Louis Case Reports

CREDIT ACT AND REGISTRAR GRANTING DEFAULT JUDGMENT
Ramakuela v FirstRand Auto [2022] 4304-2019 (LP)

Mr Ramakuela bought a Jeep Grand Cherokee and concluded an instalment sale agreement, but defaulted and the bank issued summons after a notice in terms of s 129 of the National Credit Act. No appearance to defend was entered so the bank applied for default judgment. The registrar, not the court, granted the default judgment. Mr Ramakuela seeks rescission of the judgment, contending that s 130(3) of Act reserves the power to grant default judgment to the court.
Mangena AJ discusses the applicant’s reliance on the Constitutional Court case of Nkata v FirstRand Bank; and the cases in support of the proposition that the registrar is competent to grant default judgment arising out of an agreement subject to the National Credit Act.
The default judgment granted by the registrar is rescinded.

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UNMARRIED PARENTS AND THE FAMILY ADVOCATE
ST v BN and Minister of Justice [2022] 2020-26471 (GJ)

Applicant met a professional rugby player (respondent) in 2007 and they developed a romantic relationship. She followed him to France and they had two children. Their relationship ended in 2015 and she returned to South African with the children. A parenting plan provided for contact with the respondent. Applicant married her current husband in 2020 and they wished to relocate to Australia, which the respondent opposed. At issue was the amendment or setting aside of the parenting plan and the investigation by the Family Advocate.
Bezuidenhout AJ discusses the court’s entitlement to raise a constitutional issue mero motu. The court notes that parties who have never been civilly married require a court order for the Family Advocate to become involved, while a party who is divorcing or divorced can complete an annexure “B” form (Mediation in Certain Divorce Matters Act) to obtain an investigation by the Family Advocate. The arbitrary distinction occasioned by policy and/or the Act appears to be inconsistent with the Constitution and with the Children’s Act 38 of 2005.
The office of the Family Advocate is directed to urgently investigate whether it would be in the best interests of the minor children to relocate with the applicant to Canberra, Australia.
Section 4 of the Mediation in Certain Divorce Matters Act 24 of 1987 is declared to be inconsistent with the Constitution and invalid. A reading in is provided pending decision of the Constitutional Court.

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EVIDENCE AND SANCTION FOR SEXUAL HARASSMENT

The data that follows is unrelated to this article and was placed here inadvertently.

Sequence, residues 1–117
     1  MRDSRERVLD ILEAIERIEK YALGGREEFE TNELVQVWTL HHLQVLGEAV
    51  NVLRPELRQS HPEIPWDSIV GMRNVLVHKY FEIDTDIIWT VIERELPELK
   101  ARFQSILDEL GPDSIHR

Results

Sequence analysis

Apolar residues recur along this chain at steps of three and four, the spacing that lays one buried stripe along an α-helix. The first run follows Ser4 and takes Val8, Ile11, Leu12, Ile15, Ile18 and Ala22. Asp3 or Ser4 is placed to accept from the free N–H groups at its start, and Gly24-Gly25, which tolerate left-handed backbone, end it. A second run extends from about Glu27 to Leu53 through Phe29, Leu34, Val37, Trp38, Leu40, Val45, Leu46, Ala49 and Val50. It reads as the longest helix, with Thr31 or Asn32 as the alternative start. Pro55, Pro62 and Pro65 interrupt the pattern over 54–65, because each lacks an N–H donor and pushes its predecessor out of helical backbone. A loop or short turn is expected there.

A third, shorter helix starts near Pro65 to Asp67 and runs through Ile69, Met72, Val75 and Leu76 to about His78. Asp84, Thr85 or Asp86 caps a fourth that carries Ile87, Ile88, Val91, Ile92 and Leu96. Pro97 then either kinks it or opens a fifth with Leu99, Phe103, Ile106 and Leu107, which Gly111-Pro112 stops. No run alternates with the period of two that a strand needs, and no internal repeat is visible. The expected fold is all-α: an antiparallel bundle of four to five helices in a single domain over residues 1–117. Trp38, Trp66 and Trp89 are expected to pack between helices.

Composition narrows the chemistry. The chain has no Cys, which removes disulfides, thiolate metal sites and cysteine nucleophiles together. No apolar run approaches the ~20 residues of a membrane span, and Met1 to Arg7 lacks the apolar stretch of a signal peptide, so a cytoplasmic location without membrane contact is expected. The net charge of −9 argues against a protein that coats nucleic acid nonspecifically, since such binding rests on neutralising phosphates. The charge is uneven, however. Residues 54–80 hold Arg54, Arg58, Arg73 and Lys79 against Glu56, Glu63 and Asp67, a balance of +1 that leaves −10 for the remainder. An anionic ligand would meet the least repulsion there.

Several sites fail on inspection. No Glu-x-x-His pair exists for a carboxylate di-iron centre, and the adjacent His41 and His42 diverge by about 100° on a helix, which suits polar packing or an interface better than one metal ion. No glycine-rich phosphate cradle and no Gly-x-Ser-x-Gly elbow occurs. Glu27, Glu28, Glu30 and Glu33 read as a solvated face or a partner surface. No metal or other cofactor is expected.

Ekurhuleni Municipality v SALGBC [2022] JA17/2021 (LAC)

The complainant went to the licencing centre for her learner’s licence and reported that Mr Mabetoa had sexually harassed her both when she booked and when she came to do the test. At an internal disciplinary hearing, Mr Mabetoa was found to have committed two counts of sexual harassment and was dismissed. At the SALGBC the arbitrator took the view that the sanction of dismissal imposed was too harsh so this was replaced by a final written warning. The Labour Court found that the arbitrator had committed a misdirection in finding that the misconduct had occurred when there was a lack of explicit evidence about what transpired. It was found that the complainant’s evidence should have been rejected, with the only logical conclusion being Mr Mabetoa was not guilty of both charges.
Savage AJA discusses the delay in Mr Mabetoa’s cross-review; whether the rejection of the complainant’s evidence was warranted; the way in which the complainant reported the matter; the nature and seriousness of the misconduct; and the importance of sanction in cases of sexual misconduct.
The appeal is upheld and the arbitrator’s award set aside and replaced with one finding that the dismissal of Mr Mabetoa was substantively fair.
(Davis JA and Kubushi AJA agreed.)

“He made sexual remarks again, saying I look like I am nice in bed. He also looked at my address and said he will keep it in mind and come to my place. When I had to put my fingerprint on the learner’s certificate he rubbed my hand in a very uncomfortable way.”

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ABOUT THE EDITOR

Louis Podbielski spent ten years at Juta working on various law reports and has read many thousands of judgments for case selection. He has considerable experience in writing flynotes and headnotes, compiling case annotations, and in refining subject indexes.​ During his four years at LexisNexis he was involved with legal data, analytics and in developing various legal tech solutions. He now runs his own case law service Louis Case Law

You can read his full CV and more about Louis on his LinkedIn profile where he shares interesting and recent cases.

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